She didn’t want Rowan knowing that—any of it. Anger and hatred she could handle, but pity . . . And she couldn’t talk about Chaol, couldn’t explain just how much he had rebuilt and then shattered her heart, not without explaining Endovier. Not without explaining how one day, she didn’t know how distant, she was going back to Endovier and freeing them all. Each and every slave, even if she had to unshackle them all herself.

Celaena went back to her work, and Rowan’s face remained tight—as if he could smell her half truth. “Why did you stay with Arobynn?”

“I knew I wanted two things: First, to disappear from the world and from my enemies, but . . . ah.” It was hard to look him in the eye. “I wanted to hide from myself, mostly. I convinced myself I should disappear, because the second thing I wanted, even then, was to be able to someday . . . hurt people the way I had been hurt. And it turned out that I was very, very good at it.

“If he had tossed me away, I would either have died or wound up with the rebels. If I had grown up with them, I probably would have been found by the king and slaughtered. Or I would have grown up so hateful that I would have been killing Adarlanian soldiers from a young age.” His brows rose, and she clicked her tongue. “You thought I was just going to spread my whole history at your feet the moment I met you? I’m sure you have even more stories than I do, so stop looking so surprised. Maybe we should just go back to beating each other into a pulp.”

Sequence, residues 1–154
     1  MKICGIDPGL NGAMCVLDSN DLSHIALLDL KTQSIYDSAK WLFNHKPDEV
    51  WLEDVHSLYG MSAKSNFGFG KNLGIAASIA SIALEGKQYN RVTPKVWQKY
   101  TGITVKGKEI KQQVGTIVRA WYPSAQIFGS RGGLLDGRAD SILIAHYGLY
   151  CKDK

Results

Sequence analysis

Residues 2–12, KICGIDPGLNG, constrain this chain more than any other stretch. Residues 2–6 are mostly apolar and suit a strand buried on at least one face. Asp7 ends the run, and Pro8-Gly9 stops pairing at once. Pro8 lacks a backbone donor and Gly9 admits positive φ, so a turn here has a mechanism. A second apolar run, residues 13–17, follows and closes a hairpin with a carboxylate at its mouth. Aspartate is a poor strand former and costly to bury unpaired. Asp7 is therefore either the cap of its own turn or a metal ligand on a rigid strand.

His eyes gleamed with near-predatory intent. “Oh, not a chance, Princess. You can tell me what you want, when you want, but there’s no going back now.”

She lifted her tools again. “I’m sure your other friends just adore having you around.”

A feral smile, and he grabbed her by the chin—not hard enough to hurt, but to get her to look at him. “First thing,” he breathed, “we’re not friends. I’m still training you, and that means you’re still under my command.” e icker of hurt must have shown, because he leaned closer, his grip tightening on her jaw. “Second—whatever we are, whatever this is? I’m still guring it out, too. So if I’m going to give you the space you deserve to sort yourself out, then you can damn well give it to me.”

She studied him for a moment, their breath mingling. “Deal,” she said.